Gonçalo Abecasis (University of Michigan, Ann Arbor, MI, USA)
Tel: +1 734 763 4901; E-mail: [email protected] <mailto:[email protected]>

Mark Daly (Massachusetts General Hospital, Boston, MA, USA)
Tel: +1 617 726 5942; E-mail: [email protected] <mailto:[email protected]>

Other papers from Nature Genetics to be published online at the same time and with the same embargo:

[8] Dual feedback loops in the GAL regulon suppress cellular heterogeneity in yeast
DOI: 10.1038/ng1869

************************NATURE NEUROSCIENCE *****************

[9] Glia contribute to neurodegeneration
DOI: 10.1038/nn1750

Glia - often called the ‘support cells’ of the brain - contribute to neurodegeneration in the progressive disease spinocerebellar ataxia type 7 (SCA7) because a mutation they express interferes with the transport of a neurotransmitter, reports a paper in the October issue of Nature Neuroscience. This suggests that the death of neurons may not result from their self-programmed ‘suicide’, a finding that could influence researchers’ approaches to treating this and other disorders.

Albert La Spada and colleagues created a mouse model of SCA7 that expressed a mutated protein - ataxin-7, which causes the disease - only in Bergmann glia of the cerebellum. The mice showed the characteristic gait impairment, or ataxia, that gives the disease its name, along with degeneration of Purkinje neurons in the cerebellum. A transporter molecule that normally removes the neurotransmitter glutamate was also found to be less abundant in the mice, which showed reduced glutamate transport function.

The authors conclude that reduced transport of glutamate into glial cells contributes to the degeneration of Purkinje neurons, as glutamate is known to be neurotoxic in large quantities. They speculate that this may be the process by which glial cells cause neuronal death in other neurodegenerative diseases, such as amyotrophic lateral sclerosis, Alzheimer disease, Huntington disease and prion disease, in which glia are implicated.

Author contact:
Albert R La Spada (University of Washington, Seattle, WA, USA)
Tel: +1 206 598 2138; E-mail: [email protected] <mailto:[email protected]>

Other papers from Nature Neuroscience to be published online at the same time and with the same embargo:

[10] Arm immobilization causes cortical plastic changes and locally decreases sleep slow wave activity
DOI: 10.1038/nn1758

[11] Neutralizing the neurotoxic effects of exogenous and endogenous tPA
DOI: 10.1038/nn1757

[12] Meaningful interactions can enhance visual discrimination of human agents
DOI: 10.1038/nn1759


Items from other Nature journals to be published online at the same time and with the same embargo:

Nature PHYSICS ( <>)

[13] A coherent all-electrical interface between polar molecules and mesoscopic superconducting resonators
DOI: 10.1038/nphys386

[14] Exciton scattering and localization in branched dendrimeric structures
DOI: 10.1038/nphys389

[15] Cosmic-ray diffusion near the Bohm limit in the Cassiopeia A supernova remnant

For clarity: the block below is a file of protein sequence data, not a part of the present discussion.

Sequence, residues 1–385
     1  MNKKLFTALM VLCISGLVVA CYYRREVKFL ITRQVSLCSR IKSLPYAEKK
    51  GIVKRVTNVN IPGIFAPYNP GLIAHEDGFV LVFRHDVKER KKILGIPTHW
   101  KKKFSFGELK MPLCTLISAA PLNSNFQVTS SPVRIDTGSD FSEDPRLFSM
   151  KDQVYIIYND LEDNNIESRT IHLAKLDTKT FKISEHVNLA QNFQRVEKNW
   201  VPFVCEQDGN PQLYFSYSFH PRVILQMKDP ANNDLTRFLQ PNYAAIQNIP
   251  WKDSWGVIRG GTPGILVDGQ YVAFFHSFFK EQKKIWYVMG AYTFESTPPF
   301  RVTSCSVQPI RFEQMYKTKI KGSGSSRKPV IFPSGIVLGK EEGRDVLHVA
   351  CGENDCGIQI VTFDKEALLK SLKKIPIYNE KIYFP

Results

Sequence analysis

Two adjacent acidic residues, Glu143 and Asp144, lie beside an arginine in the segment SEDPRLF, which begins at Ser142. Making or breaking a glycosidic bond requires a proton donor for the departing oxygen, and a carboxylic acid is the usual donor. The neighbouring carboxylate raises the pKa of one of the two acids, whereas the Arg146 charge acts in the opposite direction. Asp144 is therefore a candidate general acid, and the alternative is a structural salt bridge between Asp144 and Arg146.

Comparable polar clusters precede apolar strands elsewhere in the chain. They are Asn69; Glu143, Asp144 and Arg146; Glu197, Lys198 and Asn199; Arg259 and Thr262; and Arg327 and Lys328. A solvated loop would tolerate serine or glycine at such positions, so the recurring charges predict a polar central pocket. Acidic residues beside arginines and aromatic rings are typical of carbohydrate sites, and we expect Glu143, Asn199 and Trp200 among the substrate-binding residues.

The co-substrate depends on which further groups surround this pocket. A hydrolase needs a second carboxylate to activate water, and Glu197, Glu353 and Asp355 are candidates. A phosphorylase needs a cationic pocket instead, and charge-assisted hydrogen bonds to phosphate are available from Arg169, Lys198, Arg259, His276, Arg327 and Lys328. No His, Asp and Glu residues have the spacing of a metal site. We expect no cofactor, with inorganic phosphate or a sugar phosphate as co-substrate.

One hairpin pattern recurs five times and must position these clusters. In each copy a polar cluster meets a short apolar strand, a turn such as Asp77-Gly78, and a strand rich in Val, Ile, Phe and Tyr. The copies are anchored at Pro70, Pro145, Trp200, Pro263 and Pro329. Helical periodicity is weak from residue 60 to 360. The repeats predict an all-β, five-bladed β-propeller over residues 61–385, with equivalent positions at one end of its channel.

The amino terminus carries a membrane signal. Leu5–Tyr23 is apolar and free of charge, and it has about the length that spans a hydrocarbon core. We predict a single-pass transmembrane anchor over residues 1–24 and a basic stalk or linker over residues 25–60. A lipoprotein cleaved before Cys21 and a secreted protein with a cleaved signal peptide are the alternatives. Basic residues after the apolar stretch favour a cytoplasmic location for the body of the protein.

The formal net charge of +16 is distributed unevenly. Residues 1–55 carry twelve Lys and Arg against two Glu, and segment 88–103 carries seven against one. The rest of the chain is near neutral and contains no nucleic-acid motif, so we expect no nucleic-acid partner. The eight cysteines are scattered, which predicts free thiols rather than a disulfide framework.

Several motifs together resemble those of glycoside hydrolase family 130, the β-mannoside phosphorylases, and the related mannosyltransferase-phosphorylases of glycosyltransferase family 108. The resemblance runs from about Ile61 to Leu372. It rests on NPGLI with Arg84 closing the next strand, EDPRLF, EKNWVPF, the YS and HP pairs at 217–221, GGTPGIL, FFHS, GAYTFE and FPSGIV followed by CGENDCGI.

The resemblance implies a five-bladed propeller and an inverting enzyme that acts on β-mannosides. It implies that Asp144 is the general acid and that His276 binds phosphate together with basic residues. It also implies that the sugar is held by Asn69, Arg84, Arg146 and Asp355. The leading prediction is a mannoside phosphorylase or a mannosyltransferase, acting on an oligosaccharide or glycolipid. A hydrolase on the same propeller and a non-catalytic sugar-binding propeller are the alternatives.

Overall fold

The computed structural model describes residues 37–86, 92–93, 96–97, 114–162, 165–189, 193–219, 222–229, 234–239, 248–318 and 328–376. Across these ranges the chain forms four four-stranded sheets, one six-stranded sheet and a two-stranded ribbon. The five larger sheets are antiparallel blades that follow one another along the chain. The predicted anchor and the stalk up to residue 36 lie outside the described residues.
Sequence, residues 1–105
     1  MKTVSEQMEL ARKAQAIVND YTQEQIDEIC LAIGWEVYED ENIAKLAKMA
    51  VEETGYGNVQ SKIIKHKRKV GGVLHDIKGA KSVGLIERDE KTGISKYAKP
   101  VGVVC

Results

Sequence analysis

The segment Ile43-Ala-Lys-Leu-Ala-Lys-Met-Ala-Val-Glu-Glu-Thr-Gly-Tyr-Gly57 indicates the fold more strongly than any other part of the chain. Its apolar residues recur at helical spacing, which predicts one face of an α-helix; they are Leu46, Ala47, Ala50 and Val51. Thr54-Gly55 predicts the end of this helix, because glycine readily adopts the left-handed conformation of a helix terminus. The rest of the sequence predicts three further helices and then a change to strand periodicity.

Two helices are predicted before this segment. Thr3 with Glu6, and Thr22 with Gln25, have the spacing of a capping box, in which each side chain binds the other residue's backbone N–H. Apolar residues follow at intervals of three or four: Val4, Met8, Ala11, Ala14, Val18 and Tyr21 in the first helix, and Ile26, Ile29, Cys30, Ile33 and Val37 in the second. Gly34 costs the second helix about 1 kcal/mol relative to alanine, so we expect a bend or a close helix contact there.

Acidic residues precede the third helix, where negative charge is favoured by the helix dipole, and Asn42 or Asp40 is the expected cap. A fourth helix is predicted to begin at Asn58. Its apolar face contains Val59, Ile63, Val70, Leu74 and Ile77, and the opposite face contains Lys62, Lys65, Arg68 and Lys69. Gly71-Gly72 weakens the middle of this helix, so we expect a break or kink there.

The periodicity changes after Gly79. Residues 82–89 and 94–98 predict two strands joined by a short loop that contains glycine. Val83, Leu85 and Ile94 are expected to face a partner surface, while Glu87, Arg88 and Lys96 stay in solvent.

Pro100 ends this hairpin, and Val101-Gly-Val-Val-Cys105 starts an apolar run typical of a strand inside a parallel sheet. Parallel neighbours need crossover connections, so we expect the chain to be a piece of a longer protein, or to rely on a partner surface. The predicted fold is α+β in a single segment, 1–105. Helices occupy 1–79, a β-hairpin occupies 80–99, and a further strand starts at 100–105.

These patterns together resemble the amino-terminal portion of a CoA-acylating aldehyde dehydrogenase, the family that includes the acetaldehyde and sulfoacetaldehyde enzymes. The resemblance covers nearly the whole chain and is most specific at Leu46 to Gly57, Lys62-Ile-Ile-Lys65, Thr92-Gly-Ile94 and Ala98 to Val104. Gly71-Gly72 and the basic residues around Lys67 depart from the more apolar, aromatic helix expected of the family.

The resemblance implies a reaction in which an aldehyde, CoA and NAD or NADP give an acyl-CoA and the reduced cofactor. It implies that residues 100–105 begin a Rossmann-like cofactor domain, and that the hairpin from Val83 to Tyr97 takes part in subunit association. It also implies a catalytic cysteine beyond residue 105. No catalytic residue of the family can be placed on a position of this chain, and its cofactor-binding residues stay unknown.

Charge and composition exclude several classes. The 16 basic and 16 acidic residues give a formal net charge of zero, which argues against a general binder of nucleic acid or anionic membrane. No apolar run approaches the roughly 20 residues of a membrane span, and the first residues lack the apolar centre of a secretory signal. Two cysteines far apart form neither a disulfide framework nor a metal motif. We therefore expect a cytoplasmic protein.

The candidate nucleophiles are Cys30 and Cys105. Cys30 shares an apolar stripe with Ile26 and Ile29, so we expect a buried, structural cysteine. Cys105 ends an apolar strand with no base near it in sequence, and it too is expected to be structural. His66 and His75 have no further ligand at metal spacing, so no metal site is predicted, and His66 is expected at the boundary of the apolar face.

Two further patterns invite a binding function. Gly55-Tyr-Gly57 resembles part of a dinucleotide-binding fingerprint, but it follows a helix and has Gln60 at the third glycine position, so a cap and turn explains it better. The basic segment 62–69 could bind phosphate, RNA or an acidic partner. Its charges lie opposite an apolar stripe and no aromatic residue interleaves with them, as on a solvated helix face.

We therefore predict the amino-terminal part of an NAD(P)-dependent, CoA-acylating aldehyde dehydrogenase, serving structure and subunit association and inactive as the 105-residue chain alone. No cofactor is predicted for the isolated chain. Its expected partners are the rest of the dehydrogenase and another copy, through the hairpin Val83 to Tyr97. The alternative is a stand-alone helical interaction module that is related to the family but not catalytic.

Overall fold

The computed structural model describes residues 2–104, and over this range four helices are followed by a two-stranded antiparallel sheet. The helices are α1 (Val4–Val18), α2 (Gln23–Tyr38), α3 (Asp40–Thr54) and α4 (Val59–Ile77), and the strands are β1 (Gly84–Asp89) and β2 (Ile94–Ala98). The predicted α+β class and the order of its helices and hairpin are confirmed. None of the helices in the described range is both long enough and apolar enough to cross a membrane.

DOI: 10.1038/nphys391

[16] Nonlinear optical signatures of the tensor order in Cd2Re2O7
DOI: 10.1038/nphys392

[17] First direct observation of Dirac fermions in graphite
DOI: 10.1038/nphys393

[18] Magnetic energy change available to superconducting condensation in optimally doped YBa2Cu3O6.95
DOI: 10.1038/nphys394

Nature MEDICINE (<>)

[19] Adoptive transfer of T-cell precursors enhances T-cell reconstitution after allogeneic hematopoietic stem cell transplantation
DOI: 10.1038/nm1463

Nature IMMUNOLOGY (<>)

[20] Transcription factors TFE3 and TFEB are critical for CD40 ligand expression and thymus-dependent humoral immunity
DOI: 10.1038/ni1378

[21] Regulation of T cell receptor-alpha gene recombination by transcription
DOI: 10.1038/ni1379


[22] A peptide motif in Raver1 mediates splicing repression by interaction with the PTB RRM2 domain
DOI: 10.1038/nsmb1137

[23] Involvement of AGO1 and AGO2 in mammalian transcriptional silencing
DOI: 10.1038/nsmb1140

[24] L1 retrotransposition is suppressed by endogenously encoded small interfering RNAs in human cultured cells
DOI: 10.1038/nsmb1141

[25] Argonaute-1 directs siRNA-mediated transcriptional gene silencing in human cells
DOI: 10.1038/nsmb1142



The following list of places refers to the whereabouts of authors on the papers numbered in this release. The listing may be for an author's main affiliation, or for a place where they are working temporarily. Please see the PDF of the paper for full details.

Innsbruck: 13

Sao Paulo: 17

Burnaby: 16
Toronto: 19

Lyon: 3

Dresden: 22
Frankfurt/Main: 9
Halle: 22
Tubingen: 18

Jerusalem: 11

Seoul: 4

Bristol: 18
Cambridge: 22
Didcot: 18
London: 22

Jefferson: 4
Berkeley: 12, 17
Duarte: 25
La Jolla: 25
Santa Barbara: 18
New Haven: 13
Urbana: 4
Amherst: 15
Boston: 1, 6
Cambridge: 6, 13, 15
Ann Arbor: 7
Detroit: 14
Rolla: 18
New Jersey
Princeton: 5
New Mexico
Los Alamos: 14
New York
Bronx: 22
New York: 2, 19, 20
North Carolina
Durham: 21
Philadelphia: 7, 11, 24
University Park: 17
South Carolina
Clemson: 16
Knoxville: 16, 18
Oak Ridge: 16, 18
Dallas: 23
Seattle: 8, 9
West Virginia
Morgantown: 7
Madison: 10


For media inquiries relating to embargo policy for all the Nature Research Journals:

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For media inquiries relating to editorial content/policy for the Nature Research Journals, please contact the journals individually:

Nature Chemical Biology (Boston)
Andrea Garvey
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Nature Genetics (New York)
Orli Bahcall
Tel: +1 212 726 9311; E-mail: [email protected] <mailto:[email protected]>

Nature Immunology (New York)
Laurie Dempsey
Tel: +1 212 726 9372; E-mail: [email protected] <mailto:[email protected]>

Nature Medicine (New York)
Juan Carlos Lopez
Tel: +1 212 726 9325; E-mail: [email protected] <mailto:[email protected]>

Nature Neuroscience (New York)
Sandra Aamodt (based in California)
Tel: +1 530 795 3256; E-mail: [email protected] <mailto:[email protected]>

Nature Physics (London)
Alison Wright
Tel: +44 20 7843 4555; E-mail: [email protected]

Nature Structural & Molecular Biology (New York)
Michelle Montoya
Tel: +1 212 726 9326; E-mail: [email protected] <mailto:[email protected]>

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Published: 27 Aug 2006